Jetzt zu meinen vergangenen Tage. Flo Li Anh hat ja schon berichtet, dass ich ins Slowakische Paradies wandern gefahren bin. Ist wirklich paradiesisch dort. Allerdings eine Caboose wäre dort völlig fehl am Platz. Bis auf den ersten Tag hatte ich jeden Tag Unmengen an technischen Hilfsmitteln: Leitern, Stege, Ketten und Eisentritte in den Wänden. Und das i.d.R. immer mit vollem Gepäck auf dem Buckel. Die Krönung waren etwa 500 Höhenmeter und davon ca 100 nur mit besagten Hilfsmitteln. Und es wird kalt, hatte schon 2 mal Rauhreif. Und dieser Dreckswind war vorher wohl bei mir.

    Schön wieder hier zu sein und schön das es Dir gut geht und Du immer noch auf dem Weg bist.

    Ach ja, habe mir bei Dir das Knipsen und Filmen abgeguckt, kann ja echt zu Sucht werden. Habe in der Woche 2 Gig vollgeknallt. Nur blöd, dass man nicht mehr vorankommt. Gerade die Videos halten enrom auf. Bringt aber jede Menge Spass.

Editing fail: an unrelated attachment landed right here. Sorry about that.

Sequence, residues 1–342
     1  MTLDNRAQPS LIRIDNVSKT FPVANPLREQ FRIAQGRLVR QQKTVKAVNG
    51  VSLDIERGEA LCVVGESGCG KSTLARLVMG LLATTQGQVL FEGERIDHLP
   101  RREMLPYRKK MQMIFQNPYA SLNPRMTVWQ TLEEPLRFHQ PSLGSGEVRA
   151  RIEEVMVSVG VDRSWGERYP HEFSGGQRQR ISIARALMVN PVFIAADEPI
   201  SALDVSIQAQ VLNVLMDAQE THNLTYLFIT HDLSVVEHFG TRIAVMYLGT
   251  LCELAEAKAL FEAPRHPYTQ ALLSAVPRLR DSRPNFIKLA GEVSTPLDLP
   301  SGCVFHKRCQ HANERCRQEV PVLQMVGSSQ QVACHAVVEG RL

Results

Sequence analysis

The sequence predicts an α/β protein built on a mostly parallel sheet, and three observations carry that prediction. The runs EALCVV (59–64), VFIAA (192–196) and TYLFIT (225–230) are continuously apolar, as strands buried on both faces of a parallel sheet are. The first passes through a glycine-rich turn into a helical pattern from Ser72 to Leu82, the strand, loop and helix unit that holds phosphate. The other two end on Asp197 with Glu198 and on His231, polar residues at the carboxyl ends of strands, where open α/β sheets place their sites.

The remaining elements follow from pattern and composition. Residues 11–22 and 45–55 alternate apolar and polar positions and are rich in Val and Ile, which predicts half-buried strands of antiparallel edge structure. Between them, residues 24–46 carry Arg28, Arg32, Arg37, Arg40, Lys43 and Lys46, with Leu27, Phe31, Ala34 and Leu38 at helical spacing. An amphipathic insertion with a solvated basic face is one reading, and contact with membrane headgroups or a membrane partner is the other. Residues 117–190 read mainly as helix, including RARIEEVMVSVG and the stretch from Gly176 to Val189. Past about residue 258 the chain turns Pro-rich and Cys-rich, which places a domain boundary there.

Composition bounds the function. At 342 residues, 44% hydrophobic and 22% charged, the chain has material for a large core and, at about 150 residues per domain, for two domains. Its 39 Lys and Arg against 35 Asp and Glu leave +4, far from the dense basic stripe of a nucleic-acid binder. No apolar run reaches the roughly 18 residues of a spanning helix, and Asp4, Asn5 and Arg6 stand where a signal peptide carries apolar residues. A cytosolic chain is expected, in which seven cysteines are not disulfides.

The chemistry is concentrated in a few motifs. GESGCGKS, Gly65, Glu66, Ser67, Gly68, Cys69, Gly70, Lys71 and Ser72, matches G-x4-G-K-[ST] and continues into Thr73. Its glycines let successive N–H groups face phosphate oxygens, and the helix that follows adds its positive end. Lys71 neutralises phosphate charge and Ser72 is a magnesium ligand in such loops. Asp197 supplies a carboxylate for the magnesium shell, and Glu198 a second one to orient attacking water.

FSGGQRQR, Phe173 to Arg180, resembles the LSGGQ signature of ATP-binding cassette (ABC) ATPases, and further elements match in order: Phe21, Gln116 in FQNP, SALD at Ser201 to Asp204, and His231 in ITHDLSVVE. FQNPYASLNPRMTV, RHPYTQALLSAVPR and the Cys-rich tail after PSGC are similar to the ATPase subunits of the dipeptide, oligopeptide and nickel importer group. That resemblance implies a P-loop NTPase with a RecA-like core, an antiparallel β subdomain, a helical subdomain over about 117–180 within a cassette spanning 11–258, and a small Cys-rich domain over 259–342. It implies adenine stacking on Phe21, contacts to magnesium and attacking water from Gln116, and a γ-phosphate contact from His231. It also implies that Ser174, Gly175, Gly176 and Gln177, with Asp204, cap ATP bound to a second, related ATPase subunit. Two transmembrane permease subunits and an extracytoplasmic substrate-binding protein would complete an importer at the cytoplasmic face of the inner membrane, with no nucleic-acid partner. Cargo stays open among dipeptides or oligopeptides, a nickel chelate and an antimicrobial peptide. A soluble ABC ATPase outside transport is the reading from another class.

Reply

  • Barry aka Ba Lli

    Was ich vergaß: das war mit Sicherheit das Anspruchvollste, was ich gegangen bin, aber auch das geilste. Vielleicht ja deshalb.

    Reply

  • Gisela

    @ Barry: Verrätst du uns auch deine picasa-Adresse???

    Reply

  • Barry aka Ba Lli

    Musste ich ja erst mal einrichten:
    http://picasaweb.google.com/hackfrosch/SlovenskyR

    Reply

  • Anonymous

    Tolle Bilder,Barry- hats't sicher eine geniale Zeit da unten!

    Reply

  • Christoph

    Steven: You should definitely go there some day!
    Hermann: Weiß nicht ob die so gerne radfahren oder -fuhren.
    Patrick: Thanks chief.
    Alfredo: Once again, I have to thank you for providing this blog with more insight. I really appreciate it!
    Mike: Du meinst in Picasa sind keine GPS-Infos mehr in den Bildern, oder? Ich gucke mal was da los ist…
    Barry aka Ba Lli: Soso, Bilder und Videos halten also auf, was?

    Reply